Similar to land transport industries, further automation in marine shipping could translate to improved efficiencies and safer operations. Marine shipping is an industry spanning 90% of world trade and approaching $400 billion, so improving efficiencies at this scale presents an opportunity for considerable results.
Manufacturers, operators and working groups see potential in decreasing crew living quarters and support systems. Doing so would raise vessel carrying capacity while reducing vessel mass and operating costs. However, opponents suggest that the technological investment required to implement unmanned vessels for the carriage of goods or passenger is not justified against potential savings. Critics suggest that few international shipping bodies are seriously considering unmanned ships while labour unions are particularly opposed given the impact upon seafarers.
Additionally, while the technology could be developed or may already exist, the regulatory hurdles necessary to harmonize international conventions and national state laws are significant. Marine law, and accompanying international conventions and regulations, are steeped in a long history largely developed quite independent from present technological factors.
Much law and international harmonization was developed during, or derived from, an age of sail and are frequently based upon the involvement of master and crew. Conventions derived from the roles of master and crew starts to fall away with the introduction of autonomous vessels. Affected conventions would include the Law of the Sea Convention, International Convention for the Safety of Life at Sea (SOLAS), International Convention on Standards of Training, Certification and Watchkeeping for Seafarers, 1978 (STCW), Port State Control programs, and the list goes on. Indeed, one author has suggested that the potential impact of autonomous vessels on international convention would leave only the stowaway and the pirate as retaining their original legal character.
Nevertheless, consider that we have already seen, and will continue to see an extensive use of automation of vessels. While human error and fatigue still does cause most maritime accidents, accidents have declined significantly. That very reduction in accidents may prove to be the prevailing reason why the widespread introduction of AVs at sea is less likely than on land. Improved automation and declining accident rates may simply not justify the massive investment required to develop marine AVs or retrofit existing vessels.
Marine transport engages legal international harmonization to address common concerns raised by expensive methods of transport carrying much valuable cargo, and which – if an incident arose – could cause considerable harm to the environment and to third parties. Accordingly, the persistence of human oversight, however flawed that is, will likely continue.
AV operation in the aviation field are similarly significant and well underway. Perhaps the most technologically accessible is that of the drone. Until recently, the word ‘drone’ was perhaps most associated with news highlights of unmanned aerial vehicle strikes in foreign countries. But the more common and increasing usage is much closer to home. The 2015 holiday season saw over 1 million drones sold, while Boxing Day 2015 saw over 400,000 drone related hospital visits. With the consumer drone industry set to be in excess of $17 million in Canada over the next ten years, the increasing prevalence of consumer, and commercial, drones represent another area for significant regulatory advancement.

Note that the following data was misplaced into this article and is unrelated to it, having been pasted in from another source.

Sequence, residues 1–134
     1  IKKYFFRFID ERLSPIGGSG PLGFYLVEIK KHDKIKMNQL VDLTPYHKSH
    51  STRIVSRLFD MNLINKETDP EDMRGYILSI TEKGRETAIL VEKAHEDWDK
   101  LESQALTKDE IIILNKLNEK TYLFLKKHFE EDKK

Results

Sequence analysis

Transport Canada presently has regulations in place for safety, with restrictions on recreational users largely designed around principles of individual security and privacy. These regulations include minimum insurance liability requirements and restrictions on flight at night, over crowds, and within the vicinity of other buildings or aircraft. Commercial operators are mandated to carry operator certificates, and have higher levels of liability insurance. Local municipalities are also enacting bylaws concerning drone usage.
The expectation is that by 2017, Transport Canada will introduce three tiers of UAV operation: recreational use, with a required registered product with serial number, simple professional operations, largely similar to existing commercial operators, and a third tier for complex professional operations including consistent and stringent licensing for those with demonstrated competency.
The development of appropriate regulation is crucial to the introduction of emerging technologies. As the technology develops, and like any of these industries when in their infancy, the present regulatory uncertainties will eventually coalesce into a more uniform code for operations and liability apportionment. The scope of data collection and connectivity that allows AVs to operate will generate incredible amounts of specific data about individual actors. Such data will ultimately improve our calculation of risks, our assessments of events, and our imposition of liability. But managing and containing that data itself presents significant risks. The capture and management of that large data underscores the issues of software reliability and cyber-security, which may eventually become as central to liability in transportation industries as human error is currently.